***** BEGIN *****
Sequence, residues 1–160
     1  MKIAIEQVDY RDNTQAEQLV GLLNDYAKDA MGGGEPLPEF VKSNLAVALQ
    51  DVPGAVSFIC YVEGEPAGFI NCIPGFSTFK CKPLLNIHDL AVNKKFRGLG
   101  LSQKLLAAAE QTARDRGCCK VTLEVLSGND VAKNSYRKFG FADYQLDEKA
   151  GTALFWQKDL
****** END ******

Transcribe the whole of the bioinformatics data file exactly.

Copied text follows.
Sequence, residues 1–160
     1  MKIAIEQVDY RDNTQAEQLV GLLNDYAKDA MGGGEPLPEF VKSNLAVALQ
    51  DVPGAVSFIC YVEGEPAGFI NCIPGFSTFK CKPLLNIHDL AVNKKFRGLG
   101  LSQKLLAAAE QTARDRGCCK VTLEVLSGND VAKNSYRKFG FADYQLDEKA
   151  GTALFWQKDL